United States Attorney Jenny A. Durkan
Western District of Washington
SEATTLE MAN SENTENCED TO PRISON FOR ‘PONZI’ SCHEME
Cheated Neighbors and Friends with Phony Business Opportunities
JAMES LIDDELL, 57, of Seattle, Washington, was sentenced today in U.S. District Court in Seattle to 57 months in prison, three years of supervised release and $1,175,518 in restitution for wire fraud. LIDDELL was indicted in April 2010, and pleaded guilty in June 2010. LIDDELL was taken into custody, and his bond was revoked earlier this year when he continued to promote an investment scheme regarding real estate in Eastern Washington. At sentencing U.S. District Judge Ricardo S. Martinez told LIDDELL “you have no empathy for the feelings of others... Any violation of supervised release and you can add another three years to your prison sentence.”
According to the indictment and other records in the case, LIDDELL induced thirteen different investors to provide him with more than $3,000,000 for his alleged business. Between 2003 and 2009, LIDDELL claimed his business was rehabilitating point of sale machines and selling them to a large area drug store chain. LIDDELL represented to the investors that they would “own a series of contracts” with the machine purchasers. LIDDELL provided promissary notes to investors outlining high rates of interest on the loans and promising investors would receive up to 50% of the profits from the sales of the machines. However, no machines were ever bought or sold to the Seattle retailer, and there were no contracts for any such sales. Some of the money was used to pay “returns” to earlier investors, but LIDDELL used $1.2 million for his own benefit.
LIDDELL has previous convictions in King County Superior Court for ten counts of theft. In 1987, he was sentenced to nearly four years in prison on those charges.
In their sentencing memo prosecutors described the damage from LIDDELL’s scheme. LIDDELL “stole over a million dollars from victims whom he conned into believing he was a friend and experienced business person who could be trusted with their money. Mr. Liddell met many of his victims through contacts in his neighborhood and through school connections with his children. He preyed on his victims by gaining their respect as a friend and neighbor prior to soliciting loans for a business he knew was a total sham. In order to further his scheme, he repeatedly fabricated documents and provided bogus reasons to explain away bounced checks and missed payment deadlines until he found a new victim to supply him with funds needed to pay off his last victim. As a result of his fraud, several victims are facing severe financial hardship including the possibility of bankruptcy,” prosecutors wrote in their sentencing memo.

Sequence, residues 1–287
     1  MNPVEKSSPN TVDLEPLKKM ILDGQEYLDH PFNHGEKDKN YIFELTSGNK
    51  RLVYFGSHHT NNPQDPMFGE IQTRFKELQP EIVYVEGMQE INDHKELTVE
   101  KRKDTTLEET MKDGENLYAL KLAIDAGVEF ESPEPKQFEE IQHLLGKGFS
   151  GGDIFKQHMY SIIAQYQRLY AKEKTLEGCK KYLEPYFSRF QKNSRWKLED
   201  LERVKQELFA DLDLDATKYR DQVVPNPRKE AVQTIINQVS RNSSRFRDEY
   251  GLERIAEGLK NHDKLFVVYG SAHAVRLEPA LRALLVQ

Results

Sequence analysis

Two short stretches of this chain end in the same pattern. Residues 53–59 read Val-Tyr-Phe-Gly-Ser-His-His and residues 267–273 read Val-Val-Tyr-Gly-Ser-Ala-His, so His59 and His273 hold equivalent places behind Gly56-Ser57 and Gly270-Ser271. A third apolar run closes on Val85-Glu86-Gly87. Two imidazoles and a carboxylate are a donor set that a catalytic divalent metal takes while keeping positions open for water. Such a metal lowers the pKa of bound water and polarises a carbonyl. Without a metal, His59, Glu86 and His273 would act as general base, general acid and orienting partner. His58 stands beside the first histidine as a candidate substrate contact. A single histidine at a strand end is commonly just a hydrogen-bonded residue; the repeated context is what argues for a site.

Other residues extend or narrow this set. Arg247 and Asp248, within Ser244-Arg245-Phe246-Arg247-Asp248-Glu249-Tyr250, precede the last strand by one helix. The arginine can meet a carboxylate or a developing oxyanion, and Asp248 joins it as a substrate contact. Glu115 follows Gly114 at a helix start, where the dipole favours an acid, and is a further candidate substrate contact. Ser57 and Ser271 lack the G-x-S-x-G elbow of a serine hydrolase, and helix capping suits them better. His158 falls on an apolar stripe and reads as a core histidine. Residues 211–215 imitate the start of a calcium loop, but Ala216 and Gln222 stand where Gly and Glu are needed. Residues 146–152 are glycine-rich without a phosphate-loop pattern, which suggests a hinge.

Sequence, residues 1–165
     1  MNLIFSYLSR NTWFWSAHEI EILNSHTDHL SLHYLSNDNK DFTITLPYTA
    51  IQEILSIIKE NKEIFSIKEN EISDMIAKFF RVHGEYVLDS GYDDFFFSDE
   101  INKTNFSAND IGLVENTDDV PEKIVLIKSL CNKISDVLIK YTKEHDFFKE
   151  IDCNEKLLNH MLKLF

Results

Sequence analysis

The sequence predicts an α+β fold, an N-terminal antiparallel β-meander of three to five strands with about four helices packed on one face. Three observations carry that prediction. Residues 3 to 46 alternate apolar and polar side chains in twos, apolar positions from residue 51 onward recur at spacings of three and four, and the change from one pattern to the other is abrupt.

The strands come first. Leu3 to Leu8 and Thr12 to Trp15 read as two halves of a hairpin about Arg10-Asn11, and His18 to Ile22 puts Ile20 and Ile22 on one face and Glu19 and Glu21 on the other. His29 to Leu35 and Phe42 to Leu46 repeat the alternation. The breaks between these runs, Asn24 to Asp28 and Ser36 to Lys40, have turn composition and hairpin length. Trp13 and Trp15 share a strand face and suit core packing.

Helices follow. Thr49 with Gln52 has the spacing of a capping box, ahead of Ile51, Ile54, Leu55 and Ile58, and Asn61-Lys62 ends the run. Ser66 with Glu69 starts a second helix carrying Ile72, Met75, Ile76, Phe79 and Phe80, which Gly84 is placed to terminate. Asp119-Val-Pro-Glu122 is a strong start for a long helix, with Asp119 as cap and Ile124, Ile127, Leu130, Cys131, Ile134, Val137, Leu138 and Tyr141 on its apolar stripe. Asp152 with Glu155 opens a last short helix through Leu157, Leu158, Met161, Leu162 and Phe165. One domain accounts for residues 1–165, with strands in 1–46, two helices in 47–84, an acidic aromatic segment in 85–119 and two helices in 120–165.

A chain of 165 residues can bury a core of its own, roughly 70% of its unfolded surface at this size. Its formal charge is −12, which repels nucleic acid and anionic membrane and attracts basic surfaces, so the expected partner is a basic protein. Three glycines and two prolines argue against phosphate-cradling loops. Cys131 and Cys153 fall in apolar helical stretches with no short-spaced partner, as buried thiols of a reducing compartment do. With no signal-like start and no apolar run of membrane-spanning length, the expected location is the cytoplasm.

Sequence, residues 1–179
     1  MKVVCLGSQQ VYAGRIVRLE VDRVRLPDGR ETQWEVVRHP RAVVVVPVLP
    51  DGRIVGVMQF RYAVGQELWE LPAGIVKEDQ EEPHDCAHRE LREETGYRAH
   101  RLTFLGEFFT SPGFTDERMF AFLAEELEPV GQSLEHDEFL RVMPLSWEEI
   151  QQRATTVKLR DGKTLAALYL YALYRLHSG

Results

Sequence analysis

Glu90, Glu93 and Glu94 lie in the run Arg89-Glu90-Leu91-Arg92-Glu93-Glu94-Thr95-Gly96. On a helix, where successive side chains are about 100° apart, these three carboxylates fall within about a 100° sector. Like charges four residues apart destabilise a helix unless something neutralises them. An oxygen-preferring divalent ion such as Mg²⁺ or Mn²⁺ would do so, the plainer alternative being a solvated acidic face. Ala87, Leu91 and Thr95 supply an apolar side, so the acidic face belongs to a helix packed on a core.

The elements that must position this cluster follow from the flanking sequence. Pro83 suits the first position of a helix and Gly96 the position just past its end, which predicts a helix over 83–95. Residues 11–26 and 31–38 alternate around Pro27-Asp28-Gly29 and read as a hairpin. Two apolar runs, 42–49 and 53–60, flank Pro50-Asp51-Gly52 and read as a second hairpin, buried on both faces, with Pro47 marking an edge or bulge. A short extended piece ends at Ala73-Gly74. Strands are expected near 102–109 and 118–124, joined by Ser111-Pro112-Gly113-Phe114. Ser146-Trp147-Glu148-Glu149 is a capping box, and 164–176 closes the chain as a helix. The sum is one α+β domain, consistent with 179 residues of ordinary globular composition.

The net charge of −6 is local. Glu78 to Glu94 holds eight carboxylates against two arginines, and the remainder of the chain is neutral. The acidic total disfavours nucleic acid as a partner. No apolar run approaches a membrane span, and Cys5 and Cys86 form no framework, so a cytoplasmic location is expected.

One victim told the judge that LIDDELL “was pressuring me for more and more money, even when he knew it would have put us over the brink.”
The case was investigated by the FBI White Collar Crime Section with significant assistance from the Washington State Department of Financial Institutions (DFI) and the Seattle Police Department.
The case was prosecuted as part of President Barack Obama’s Financial Fraud Enforcement Task Force. President Obama established the interagency Financial Fraud Enforcement Task Force to wage an aggressive, coordinated and proactive effort to investigate and prosecute financial crimes. The task force includes representatives from a broad range of federal agencies, regulatory authorities, inspectors general, and state and local law enforcement who, working together, bring to bear a powerful array of criminal and civil enforcement resources. The task force is working to improve efforts across the federal executive branch, and with state and local partners, to investigate and prosecute significant financial crimes, ensure just and effective punishment for those who perpetrate financial crimes, combat discrimination in the lending and financial markets, and recover proceeds for victims of financial crimes.
The case was prosecuted by Assistant United States Attorney Norman Barbosa.